How many people put a visit to remote and mysterious Easter Island on their life to-do list? Lara McClintoch and her best friend Moira share a yearning to hug one of those famous giant carved heads. But when they get to the island, someone is bumping off members of a strange congress gathered to study local culture. Who has murder on their bucket list? Lara must figure out what the victims have in common as she races against time to stop the killing.
“Vivid descriptions of the terrain, as well as details of the history and cultural evolution of Easter Island’s people, enrich this chatty whodunit... Hamilton...puts a first-class twist on the traditional locked-room mystery.” -Publishers Weekly
“Hamilton makes maximum use of her setting with superb research and lots of local colour. This book is a lot of fun, and should make a great companion for the beach or the pool.” -Globe and Mail
“There’s also the pleasure of spending time with smart, independent, funny Lara who, always keen to travel, is a reliably entertaining instructor in far-flung histories and geographies – useful for the real traveler and perfect for the armchair sort.” -London Free Press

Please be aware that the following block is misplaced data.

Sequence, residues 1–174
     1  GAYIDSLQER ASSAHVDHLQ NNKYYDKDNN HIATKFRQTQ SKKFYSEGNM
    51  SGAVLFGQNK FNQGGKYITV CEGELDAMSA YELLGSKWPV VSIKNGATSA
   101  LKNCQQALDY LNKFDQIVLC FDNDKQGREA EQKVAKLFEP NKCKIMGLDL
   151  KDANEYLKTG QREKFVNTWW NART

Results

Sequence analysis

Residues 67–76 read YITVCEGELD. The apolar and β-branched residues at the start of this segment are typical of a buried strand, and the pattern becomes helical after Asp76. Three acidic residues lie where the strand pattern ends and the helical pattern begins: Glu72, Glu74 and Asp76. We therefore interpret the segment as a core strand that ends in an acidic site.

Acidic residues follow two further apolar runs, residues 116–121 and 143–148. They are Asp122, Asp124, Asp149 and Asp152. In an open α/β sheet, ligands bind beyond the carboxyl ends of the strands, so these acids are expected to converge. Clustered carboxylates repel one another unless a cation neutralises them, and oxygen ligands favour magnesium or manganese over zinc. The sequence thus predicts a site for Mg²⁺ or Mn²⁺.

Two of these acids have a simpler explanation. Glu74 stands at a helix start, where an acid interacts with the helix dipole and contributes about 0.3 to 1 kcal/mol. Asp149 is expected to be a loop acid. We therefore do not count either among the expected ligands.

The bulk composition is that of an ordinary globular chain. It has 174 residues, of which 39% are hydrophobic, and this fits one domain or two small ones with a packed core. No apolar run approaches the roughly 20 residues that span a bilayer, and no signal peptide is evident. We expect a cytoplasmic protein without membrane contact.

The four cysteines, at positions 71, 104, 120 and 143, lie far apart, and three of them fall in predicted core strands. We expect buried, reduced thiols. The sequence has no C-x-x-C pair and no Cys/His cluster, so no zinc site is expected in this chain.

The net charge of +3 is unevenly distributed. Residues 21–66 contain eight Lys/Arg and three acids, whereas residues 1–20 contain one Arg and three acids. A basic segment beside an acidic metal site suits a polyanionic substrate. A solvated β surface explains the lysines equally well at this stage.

Lyn Hamilton (1944-2009) wrote 11 archaeological mystery novels featuring feisty antiques dealer Lara McClintoch. Lyn loved travelling the world and learning about ancient cultures. Both passions are woven into her novels. She lived in Toronto, Canada, and worked in public relations and public service, with a focus on culture and heritage. The Xibalba Murders, first published in 1997, was nominated for the Arthur Ellis Award for best first crime novel in Canada.read more
Reviews for The Moai Murders
I grabbed this off the shelf because I was on an Easter Island kick. I usually hate starting a series in the middle; I'm kind of obsessive about reading from volume 1. However, I was pleasantly surprised by this book, and I will be looking for the rest of the series.This book was well-written. The characters made sense. They clearly had a history together, and even though I didn't know what that was, the backstory was neither heavy-handed nor too skimpy. I really liked the story. In addition, the setting was well done. I felt like the author had actually spent time on Easter Island, and gotten to know some of the people there and the local culture.Finally, the mystery made sense and was well put-together. There were things that I didn't understand that I put down to weird writing that later turned out to be integral to the plot, and I mean that in a good way. (I can't explain more without spoiling a major plot point.)Definitely a nice, cozy mystery that I enjoyed with tea and a napping dog.read more
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